“I don’t know what the place would look like without this help,” president of Sancta Maria House Sharon Dobin told The B.C. Catholic as she described the cigarette burns she found in the flooring when Agape Ministries first took over management of the women’s recovery home.
For the last 17 years, Project Advance has helped Sancta Maria House maintain its Vancouver facility, where it runs a home for women looking to heal from substance abuse and related problems.
The funds have primarily gone to fix the house, funding the renovations of everything from the kitchen and TV room to bedrooms, and exterior paint has been upgraded because of Project Advance funds.
While a new paint job might seem superficial, Dobin said it is essential.
“Having a pleasant environment during their healing journey is important,” she said. “Women are sensitive to these things,” and having a pleasant environment “reflects their value, shows what God has given them and that he loves them.”
This year’s Project Advance grant will go toward buying new tires for the organization’s van and new oversized doors to help with security at the facility.
SM House is one of several recipients of this year’s Project Advance campaign, which in 2023 focuses on empowering parishes “to become what they are truly meant to be” as places of worship, proclamation, and outreach, said Archbishop Michael Miller in this year’s announcement video.
https://www.youtube.com/embed/rkG_gVvS6uc?&ab_channel=ArchdioceseofVancouver&wmode=opaqueThis year’s archdiocesan goal is $3 million, with nearly $2 million allocated for secondary school construction and $950,000 for archdiocesan ministries such as Chaplaincy, Family Life Programs, and First Nations Ministry.
Additionally, $100,000 is for special grants applied for by various organizations around the archdiocese, such as the Talitha Koum Society, NET Ministries Canada, Columbus Residence, and Catholic Street Ministries.
In addition to the parish target set by the Archdiocese of Vancouver, parishes are encouraged to set their own goal. Any money raised above the archdiocesan target remains in the parish for local programs or projects.
Normally, the archdiocese takes a percentage of every financial contribution to a parish to run administrative costs in the dioceses. However, during Project Advance, money raised above the archdiocesan requirement is exempt from this requirement.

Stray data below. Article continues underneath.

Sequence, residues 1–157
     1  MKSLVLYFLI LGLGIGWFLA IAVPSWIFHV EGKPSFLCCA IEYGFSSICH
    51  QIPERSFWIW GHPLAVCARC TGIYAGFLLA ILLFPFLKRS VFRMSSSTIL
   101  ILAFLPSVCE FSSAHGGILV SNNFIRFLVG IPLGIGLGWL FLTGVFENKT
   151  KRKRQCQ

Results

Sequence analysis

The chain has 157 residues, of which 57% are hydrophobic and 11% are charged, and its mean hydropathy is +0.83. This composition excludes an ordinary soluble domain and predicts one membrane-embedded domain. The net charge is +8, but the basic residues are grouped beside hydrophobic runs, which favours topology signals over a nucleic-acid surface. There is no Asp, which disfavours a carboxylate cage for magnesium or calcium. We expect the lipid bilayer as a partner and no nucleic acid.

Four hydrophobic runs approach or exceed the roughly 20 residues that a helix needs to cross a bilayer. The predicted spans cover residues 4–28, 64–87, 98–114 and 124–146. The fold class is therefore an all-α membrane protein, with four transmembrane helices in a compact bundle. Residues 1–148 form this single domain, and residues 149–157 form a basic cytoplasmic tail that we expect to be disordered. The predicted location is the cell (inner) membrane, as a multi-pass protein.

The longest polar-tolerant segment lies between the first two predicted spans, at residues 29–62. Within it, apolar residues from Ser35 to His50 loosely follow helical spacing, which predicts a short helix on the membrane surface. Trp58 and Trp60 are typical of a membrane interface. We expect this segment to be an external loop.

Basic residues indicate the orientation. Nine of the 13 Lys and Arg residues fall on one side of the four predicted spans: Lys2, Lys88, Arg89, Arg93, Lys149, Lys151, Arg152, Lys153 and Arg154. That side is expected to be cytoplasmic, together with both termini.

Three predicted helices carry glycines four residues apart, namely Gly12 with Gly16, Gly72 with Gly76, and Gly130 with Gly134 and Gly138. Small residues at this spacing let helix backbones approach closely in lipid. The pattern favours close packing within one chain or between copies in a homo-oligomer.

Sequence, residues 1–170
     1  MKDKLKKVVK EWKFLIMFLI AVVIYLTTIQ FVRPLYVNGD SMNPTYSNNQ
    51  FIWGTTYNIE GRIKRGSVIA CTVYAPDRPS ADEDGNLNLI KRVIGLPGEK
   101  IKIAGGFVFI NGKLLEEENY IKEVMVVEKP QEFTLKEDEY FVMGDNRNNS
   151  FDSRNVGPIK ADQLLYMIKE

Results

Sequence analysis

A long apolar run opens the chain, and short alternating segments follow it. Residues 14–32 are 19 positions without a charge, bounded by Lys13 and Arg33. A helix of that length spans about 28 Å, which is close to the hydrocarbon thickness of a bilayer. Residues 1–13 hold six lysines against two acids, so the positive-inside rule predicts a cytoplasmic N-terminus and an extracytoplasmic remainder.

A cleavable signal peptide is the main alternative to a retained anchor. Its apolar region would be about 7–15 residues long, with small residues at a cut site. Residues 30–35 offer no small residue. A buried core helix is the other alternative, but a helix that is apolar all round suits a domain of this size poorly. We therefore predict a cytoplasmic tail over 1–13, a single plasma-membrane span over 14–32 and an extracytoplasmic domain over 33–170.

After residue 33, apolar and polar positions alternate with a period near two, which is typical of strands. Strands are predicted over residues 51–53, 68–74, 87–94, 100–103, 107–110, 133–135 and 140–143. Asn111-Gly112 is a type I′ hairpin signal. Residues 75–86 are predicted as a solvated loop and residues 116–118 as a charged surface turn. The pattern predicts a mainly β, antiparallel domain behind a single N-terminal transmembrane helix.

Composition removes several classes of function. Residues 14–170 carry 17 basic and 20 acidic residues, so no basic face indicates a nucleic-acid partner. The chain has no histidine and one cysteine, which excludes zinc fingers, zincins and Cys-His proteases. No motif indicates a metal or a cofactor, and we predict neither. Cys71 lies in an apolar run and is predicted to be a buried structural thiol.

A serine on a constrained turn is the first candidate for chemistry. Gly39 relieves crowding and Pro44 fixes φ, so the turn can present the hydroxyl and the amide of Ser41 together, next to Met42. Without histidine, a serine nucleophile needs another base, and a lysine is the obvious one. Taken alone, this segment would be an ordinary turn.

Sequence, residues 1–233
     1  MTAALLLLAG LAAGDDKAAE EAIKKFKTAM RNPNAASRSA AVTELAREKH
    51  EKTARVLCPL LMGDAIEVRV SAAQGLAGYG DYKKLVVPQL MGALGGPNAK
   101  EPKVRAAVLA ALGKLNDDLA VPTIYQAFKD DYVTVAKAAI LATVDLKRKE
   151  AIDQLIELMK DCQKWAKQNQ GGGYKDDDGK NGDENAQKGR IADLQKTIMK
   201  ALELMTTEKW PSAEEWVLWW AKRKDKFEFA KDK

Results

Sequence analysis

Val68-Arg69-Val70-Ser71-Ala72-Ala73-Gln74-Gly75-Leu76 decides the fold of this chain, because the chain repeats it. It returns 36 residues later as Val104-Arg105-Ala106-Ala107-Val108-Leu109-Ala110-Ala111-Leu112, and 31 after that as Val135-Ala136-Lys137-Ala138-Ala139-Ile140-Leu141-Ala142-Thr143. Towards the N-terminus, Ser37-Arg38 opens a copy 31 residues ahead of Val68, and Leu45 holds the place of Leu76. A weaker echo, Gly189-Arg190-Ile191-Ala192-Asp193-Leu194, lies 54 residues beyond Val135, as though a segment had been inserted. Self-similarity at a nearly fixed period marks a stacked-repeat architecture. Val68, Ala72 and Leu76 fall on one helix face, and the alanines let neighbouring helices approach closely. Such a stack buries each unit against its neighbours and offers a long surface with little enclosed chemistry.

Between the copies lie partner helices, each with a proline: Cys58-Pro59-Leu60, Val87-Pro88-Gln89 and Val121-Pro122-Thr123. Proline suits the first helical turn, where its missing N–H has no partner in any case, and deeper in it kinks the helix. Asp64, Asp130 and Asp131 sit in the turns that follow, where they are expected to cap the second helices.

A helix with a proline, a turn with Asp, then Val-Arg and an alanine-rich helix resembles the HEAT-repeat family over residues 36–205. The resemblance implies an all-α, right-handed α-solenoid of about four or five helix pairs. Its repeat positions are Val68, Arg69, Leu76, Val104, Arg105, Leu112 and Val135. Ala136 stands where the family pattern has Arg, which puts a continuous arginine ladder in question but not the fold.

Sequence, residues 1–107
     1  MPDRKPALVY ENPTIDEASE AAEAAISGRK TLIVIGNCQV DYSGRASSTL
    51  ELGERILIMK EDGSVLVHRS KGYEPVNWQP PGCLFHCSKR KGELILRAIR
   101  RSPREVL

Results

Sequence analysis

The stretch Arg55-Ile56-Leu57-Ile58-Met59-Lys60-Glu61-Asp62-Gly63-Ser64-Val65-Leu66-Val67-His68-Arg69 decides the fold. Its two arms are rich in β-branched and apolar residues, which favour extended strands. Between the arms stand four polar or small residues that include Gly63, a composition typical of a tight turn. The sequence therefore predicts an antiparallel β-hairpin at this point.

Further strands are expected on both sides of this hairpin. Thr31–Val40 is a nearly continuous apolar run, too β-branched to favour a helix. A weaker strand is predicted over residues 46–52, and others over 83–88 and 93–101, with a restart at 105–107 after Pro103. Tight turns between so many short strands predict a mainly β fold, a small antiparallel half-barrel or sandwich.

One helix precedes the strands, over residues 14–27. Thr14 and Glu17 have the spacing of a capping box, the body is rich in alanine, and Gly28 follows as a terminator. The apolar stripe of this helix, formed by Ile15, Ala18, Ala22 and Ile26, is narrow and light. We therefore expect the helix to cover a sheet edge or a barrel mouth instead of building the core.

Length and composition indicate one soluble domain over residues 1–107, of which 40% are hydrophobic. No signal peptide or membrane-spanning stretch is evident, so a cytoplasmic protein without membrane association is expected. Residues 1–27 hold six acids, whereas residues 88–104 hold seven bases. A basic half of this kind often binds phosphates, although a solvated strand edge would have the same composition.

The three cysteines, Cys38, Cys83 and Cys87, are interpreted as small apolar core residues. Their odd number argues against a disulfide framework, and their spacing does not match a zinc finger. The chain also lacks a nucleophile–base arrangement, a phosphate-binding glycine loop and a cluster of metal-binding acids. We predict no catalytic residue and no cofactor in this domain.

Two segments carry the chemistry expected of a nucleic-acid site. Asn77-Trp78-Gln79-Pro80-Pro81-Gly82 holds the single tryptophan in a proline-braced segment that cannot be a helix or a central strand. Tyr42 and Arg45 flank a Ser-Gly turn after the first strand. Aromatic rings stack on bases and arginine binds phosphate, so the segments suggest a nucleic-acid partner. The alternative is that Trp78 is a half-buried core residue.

At St. Matthew’s in Surrey, youth ministry coordinator Eleanor Wong said Project Advance helps run youth programs and overcome financial obstacles to getting involved.
“The money goes to help the youth have these experiences with Christ when finances might be a barrier,” she said.
Past funds also helped St. Matthew’s build its parish centre, which Wong says has provided much-needed space for youth ministry activities and gatherings.
Last year’s Project Advance funding helped the ministry hold a retreat at Loon Lodge in Maple Ridge. About 40 per cent of the attendees were only able to attend because of Project Advance funds, Wong said.
The funds also help with professional development for Wong’s team, providing programs and resources to help St. Matthew’s youth leadership grow.
Wong is excited to see this year’s money in action, offering ”more opportunities for youth to encounter Christ in unique ways through things like retreats and small field trips.”
Project Advance will also be helping Catholic Street Missionaries in its work, supporting the spiritual and material well-being of people living on Vancouver’s streets.
Last year Catholic Street Ministries used grant money to buy a van for transporting goods and services to people on the street.
“When winter season comes, we can bring a lot of blankets, sleeping bags, and tarps to keep them warm,” Catholic Street Missionaries Coordinator Mildred Moy said in the 2022 Project Advance video.
This year’s grant will help replace old and broken computer equipment, allowing the ministry to focus on social media development to build awareness for its work and recruit more volunteers.